'What Mattered Most' Singer Preps New Album, Talks Changing Scene in Nashville
A few months ago, FUNL Music's Sheila Shipley Biddy - the genius who signed such acts as Lee Ann Womack --began working with an established act. However, it had been a few years since the artist had new music out at country radio. So, wearing her marketing cap as always, she devised a promotion strategy of sending out his new music to radio without telling who it was - even conducting a contest among programmers.
The artist, Ty Herndon , admitted he thought it was a brilliant move on Biddy's part. "I remember when they did that with Donny Osmond and 'Soldier of Love' some time back. He had a lot of success, and kind of went away for awhile. The song, 'Stones,' was a great one, of which the writers did such an amazing job," he said. Listen:
Herndon smiles when he mentions that the big 'mystery' wasn't one at all. "The after-effect was that most of the people went 'Oh, that's Ty Herndon.' I don't think anybody couldn't guess. I think the point was to see how many people remembered me because we're coming on strong with a new single and album. So, I thought it was a great idea."
"Stones" is the latest release for Herndon - who came flying out of the gate in the spring of 1995 with the chart-topper "What Mattered Most." He notes that times have changed a lot since he worked that first single to radio.
"I didn't have to work too hard," he allowed to Billboard. "I think that song still holds the record for being the most-added single at radio. I didn't even have a clue what that meant. It's like my family - 'Oh, you made a record, so you put it out and they play it.' That was my idea too. I was just playing honky-tonks and listening to the radio. I had no idea how that worked, and all the strategy planning that goes into it with the station to get the community to love the song. There's fewer positions out there on fewer stations but there's a lot more competition."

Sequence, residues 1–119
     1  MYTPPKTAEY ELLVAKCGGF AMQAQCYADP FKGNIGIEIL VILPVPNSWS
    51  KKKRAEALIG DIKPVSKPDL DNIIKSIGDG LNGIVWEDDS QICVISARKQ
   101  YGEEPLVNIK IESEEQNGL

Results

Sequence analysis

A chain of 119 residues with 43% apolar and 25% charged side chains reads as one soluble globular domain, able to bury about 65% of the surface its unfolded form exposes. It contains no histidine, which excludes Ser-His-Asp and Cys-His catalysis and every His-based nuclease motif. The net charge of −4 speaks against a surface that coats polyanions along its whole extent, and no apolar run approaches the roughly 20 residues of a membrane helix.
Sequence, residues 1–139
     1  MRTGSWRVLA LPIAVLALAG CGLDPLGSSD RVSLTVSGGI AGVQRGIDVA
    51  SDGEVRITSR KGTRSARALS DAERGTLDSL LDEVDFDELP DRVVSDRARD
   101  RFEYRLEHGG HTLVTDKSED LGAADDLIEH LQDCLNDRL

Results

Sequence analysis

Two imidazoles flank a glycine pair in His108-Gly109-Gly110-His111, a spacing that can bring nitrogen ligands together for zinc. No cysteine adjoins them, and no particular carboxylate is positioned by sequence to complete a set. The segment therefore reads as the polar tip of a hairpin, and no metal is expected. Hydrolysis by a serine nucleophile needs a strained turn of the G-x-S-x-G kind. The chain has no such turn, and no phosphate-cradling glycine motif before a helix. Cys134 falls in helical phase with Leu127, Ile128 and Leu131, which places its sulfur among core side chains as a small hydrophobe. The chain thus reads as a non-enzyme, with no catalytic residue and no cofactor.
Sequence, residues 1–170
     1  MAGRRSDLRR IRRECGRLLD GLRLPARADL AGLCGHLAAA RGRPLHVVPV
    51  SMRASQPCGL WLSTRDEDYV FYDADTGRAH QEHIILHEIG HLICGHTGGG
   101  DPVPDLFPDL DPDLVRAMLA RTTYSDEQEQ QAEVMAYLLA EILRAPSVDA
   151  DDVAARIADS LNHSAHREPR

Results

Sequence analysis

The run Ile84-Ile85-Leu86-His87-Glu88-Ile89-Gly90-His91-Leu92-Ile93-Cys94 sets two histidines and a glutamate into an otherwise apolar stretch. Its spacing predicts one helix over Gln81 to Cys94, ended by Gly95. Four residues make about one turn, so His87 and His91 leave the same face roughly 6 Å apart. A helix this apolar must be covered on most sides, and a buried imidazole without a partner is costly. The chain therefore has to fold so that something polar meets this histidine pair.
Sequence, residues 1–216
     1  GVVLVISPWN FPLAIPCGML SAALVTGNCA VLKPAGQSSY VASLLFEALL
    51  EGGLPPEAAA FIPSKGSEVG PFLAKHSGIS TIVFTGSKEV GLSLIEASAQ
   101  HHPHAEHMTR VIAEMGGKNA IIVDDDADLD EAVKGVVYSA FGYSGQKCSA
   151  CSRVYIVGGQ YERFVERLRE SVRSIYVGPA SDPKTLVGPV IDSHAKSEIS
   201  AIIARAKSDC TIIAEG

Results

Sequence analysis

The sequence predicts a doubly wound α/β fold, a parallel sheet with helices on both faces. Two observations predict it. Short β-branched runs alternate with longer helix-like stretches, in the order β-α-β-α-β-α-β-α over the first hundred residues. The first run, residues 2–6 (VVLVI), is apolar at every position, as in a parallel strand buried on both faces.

Though he has been away from the country scene for a few years, he has been far from idle. He achieved success in the Gospel market with "When We Fly," a collaboration with Lizzy Long that netted the singer a Dove Award. The track appeared on the inspirational album Journey On, which was nominated for a Grammy.
Returning to the country field is different now for another reason, he relates. "Another thing I find brilliant today is that you don't really need to have a top-40 record to go out there and build a career. I've got some buddies in Texas that their song dropped three weeks ago, and they've had 750,000 downloads. For an artist with a top ten record nowadays, that's really, really good. Social media has its' own thing going on."
Of his latest single, Herndon says he recorded the song before. "I fell in love with that song about fourteen years ago on a Sony album that never got released. Unfortunately, 'Stones' was one of those songs that went away, but I never forgot it. We were in a song meeting, and everybody went crazy. So, I said 'I'll re-cut it. I love it too.' So, I've got all this new stuff that I've written, and I gave this one a face lift. I thought regardless of this being a top-30 record, or whatever happens with it, it's a reminder of Ty Herndon as an artist. If you hear this record, you'll remember those songs like 'What Mattered Most' and 'Living In A Moment," he said.
Herndon is busy working on a new disc that will feature duets with Jamie O'Neal, as well as Terri Clark, and he plans to do some tour dates with O'Neal, as well as Andy Griggs and Billy Dean. He has been performing "Stones" each night to great response.
"The reaction has been amazing," he says. "I've got fans that remember it and love the new version of it. Some of the newer fans will say 'This relates to something that is going on in my life.'
Herndon says he appreciates the accessibility that sites like Facebook and Twitter brings him to his fans. "I love it. It took me a while to get used to it. I did not have a Twitter account until about a year and a half ago. It's fascinating to me. It's kind of like a pyramid. It keeps building and building. But, you've got to feed it with new music and new stuff. You can't ignore it or it will all go away quick," he said of the social revolution.
- The 615